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Judges: Former Balch Springs police Officer Roy Oliver can be sued for death of Jordan Edwards

A federal appeals court in New Orleans decided the controversial qualified-immunity doctrine should not apply to the ex-cop.

By Krista M. Torralva and Jamie Landers

Roy Oliver
Roy Oliver reacted after receiving a sentence of 15 years in prison for the murder of 15-year-old Jordan Edwards. / Photo Credit: Rose Baca / Staff Photographer

Former Balch Springs police Officer Roy Oliver, who was convicted of fatally shooting an unarmed 15-year-old Black boy in 2017, can be sued by the victim’s family, a panel of federal appellate judges decided Tuesday.

Oliver argued in court filings that he shouldn’t be sued because he was entitled to qualified immunity, which protects government employees from litigation for doing their jobs, when he shot into a car of teens and killed Jordan Edwards.

Judges Carolyn Dineen King and James E. Graves Jr. of the 5th U.S. Circuit Court of Appeals disagreed. Their 17-page opinion published Tuesday focused on technical aspects of law.

The third judge on the panel, James C. Ho, dissented.

Edwards’ family sued Oliver and the city of Balch Springs in 2017, and a federal district court judge dropped the city from the lawsuit in February.

The family was relieved with the judges’ decision, said attorney Daryl Washington, who represents them along with Jasmine Crockett and Thad Spalding.

“We’ve seen these kinds of cases go in the total opposite direction even when there was clear-cut evidence, so the family was excited to get this news,” Washington said.

Qualified immunity has long been scrutinized by lawyers and has become widely controversial since the killing of George Floyd by a Minneapolis police officer. The U.S. Supreme Court in 2020 declined to hear cases re-examining the doctrine.

Jordan Edwards
Jordan Edwards / Photo Credit: Dallas County / Staff Photographer

Two previous judges had already found Oliver did not meet the merits of qualified immunity, saying “a reasonable jury could conclude the car full of teenagers presented no immediate threat to the officers’ safety, making Oliver’s use of deadly force unreasonable.”

Oliver, who declined an interview request from The Dallas Morning News this week, appealed their decisions to the circuit court in New Orleans.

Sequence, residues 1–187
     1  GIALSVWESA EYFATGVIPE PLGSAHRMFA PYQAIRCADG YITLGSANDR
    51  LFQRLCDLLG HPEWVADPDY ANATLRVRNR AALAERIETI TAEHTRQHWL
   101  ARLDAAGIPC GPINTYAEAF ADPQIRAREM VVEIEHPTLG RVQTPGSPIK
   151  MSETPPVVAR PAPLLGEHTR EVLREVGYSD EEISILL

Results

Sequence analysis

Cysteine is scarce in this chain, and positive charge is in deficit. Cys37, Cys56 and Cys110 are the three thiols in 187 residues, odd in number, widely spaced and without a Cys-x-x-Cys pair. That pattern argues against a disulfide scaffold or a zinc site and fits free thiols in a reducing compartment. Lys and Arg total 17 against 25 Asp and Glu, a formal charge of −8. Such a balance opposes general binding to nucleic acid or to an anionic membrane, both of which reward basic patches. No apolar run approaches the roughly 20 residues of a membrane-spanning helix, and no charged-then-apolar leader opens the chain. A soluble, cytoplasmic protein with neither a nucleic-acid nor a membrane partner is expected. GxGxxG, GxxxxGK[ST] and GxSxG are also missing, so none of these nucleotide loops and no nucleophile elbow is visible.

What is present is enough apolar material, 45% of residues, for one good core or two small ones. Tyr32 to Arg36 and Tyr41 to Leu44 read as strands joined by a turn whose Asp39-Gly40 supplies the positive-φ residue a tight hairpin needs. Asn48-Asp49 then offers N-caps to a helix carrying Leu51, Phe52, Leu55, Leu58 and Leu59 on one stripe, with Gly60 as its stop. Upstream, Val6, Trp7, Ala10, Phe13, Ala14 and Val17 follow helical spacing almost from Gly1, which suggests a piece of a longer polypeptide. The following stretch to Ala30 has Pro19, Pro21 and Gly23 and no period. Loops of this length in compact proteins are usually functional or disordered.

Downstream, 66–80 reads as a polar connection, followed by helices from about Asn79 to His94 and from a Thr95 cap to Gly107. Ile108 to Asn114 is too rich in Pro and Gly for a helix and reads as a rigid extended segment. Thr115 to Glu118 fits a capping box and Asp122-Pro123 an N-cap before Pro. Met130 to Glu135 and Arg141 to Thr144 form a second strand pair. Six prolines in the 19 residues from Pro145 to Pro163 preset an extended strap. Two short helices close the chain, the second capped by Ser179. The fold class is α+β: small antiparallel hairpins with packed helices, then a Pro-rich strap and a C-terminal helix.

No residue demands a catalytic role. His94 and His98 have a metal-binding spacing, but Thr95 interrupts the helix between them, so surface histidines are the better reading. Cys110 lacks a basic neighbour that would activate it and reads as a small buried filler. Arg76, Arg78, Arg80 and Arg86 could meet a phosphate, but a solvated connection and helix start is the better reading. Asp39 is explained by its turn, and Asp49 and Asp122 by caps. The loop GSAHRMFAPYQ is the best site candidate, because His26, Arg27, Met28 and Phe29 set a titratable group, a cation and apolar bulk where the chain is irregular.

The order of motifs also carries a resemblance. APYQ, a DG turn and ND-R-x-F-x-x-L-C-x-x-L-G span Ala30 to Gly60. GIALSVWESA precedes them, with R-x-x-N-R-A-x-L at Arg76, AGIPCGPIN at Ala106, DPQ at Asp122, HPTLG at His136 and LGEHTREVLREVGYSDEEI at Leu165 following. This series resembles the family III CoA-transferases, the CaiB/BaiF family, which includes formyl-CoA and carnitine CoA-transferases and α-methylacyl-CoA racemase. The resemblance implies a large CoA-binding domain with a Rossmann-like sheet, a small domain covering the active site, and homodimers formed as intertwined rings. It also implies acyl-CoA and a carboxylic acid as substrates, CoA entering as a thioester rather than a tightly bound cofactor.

The issue of qualified immunity is decided apart from the criminal-justice system, and a person convicted of a crime could still be shielded from civil liability, which Ho pointed out. He referenced another case with similar facts in which the appeals court ruled last year that qualified immunity should apply.

That kind of head-scratcher is just one reason the doctrine is controversial, said David Coale, a Dallas attorney who blogs about the Texas Supreme Court and federal courts.

“A jury concluded that he intentionally, without justification took the life of another person … and there is a serious debate in the federal courts about whether or not a convicted murderer can receive qualified immunity for his actions,” Coale said of Oliver. “That seems jarring. And it seems to illustrate why people have the criticisms that they do about qualified immunity.”

What happened in April 2017

On April 29, 2017, Oliver and a second officer, Tyler Gross, responded to a call about a noisy house party about 11:30 p.m. in the 12300 block of Baron Drive.

While the officers were in the home, they heard gunfire outside. Oliver, a six-year veteran of the force, grabbed his rifle from his patrol car parked out front as Edwards, his brothers and two friends got in another car to leave.

As Edwards’ brother, Vidal Allen, backed out onto Shepherd Lane, Gross ordered him to stop. Oliver, who testified he thought the car would hit Gross, ran toward the vehicle, shooting five times.

The second bullet went through the passenger window and into the back of Edwards’ head, killing him instantly. Only nine seconds elapsed between when Oliver started running with his rifle and the moment he pulled the trigger.

There were no weapons, drugs or alcohol found in the car, or in the house the party was held in.

The police department fired Oliver three days after the shooting. He was found guilty of murder in August 2018 and sentenced to 15 years in prison and a $10,000 fine. He was acquitted of two counts of aggravated assault for shooting into the car.

He is eligible for parole in 2026.

Conviction upheld

In August 2020, a Texas appeals court upheld Oliver’s sentence after his lawyers argued there were more than a dozen separate issues with his trial — including that no reasonable juror could’ve rejected his defense that he was acting to protect his partner and that the court allowed evidence it should not have.

The appeals court disagreed. However, a judge dismissed four aggravated-assault charges “without prejudice,” meaning they can be refiled. Two of the dismissed charges stemmed from an accusation that Oliver brandished his gun at two women, who later testified at Oliver’s murder trial, following a car crash two weeks before Edwards was killed.

The other two dismissed charges involve the two other boys who were in the car with Edwards.

CORRECTION, 9:50 p.m. April 19, 2022: An earlier version of this story referred to Lee Merritt as an attorney for Jordan Edwards’ family. He no longer represents the family.

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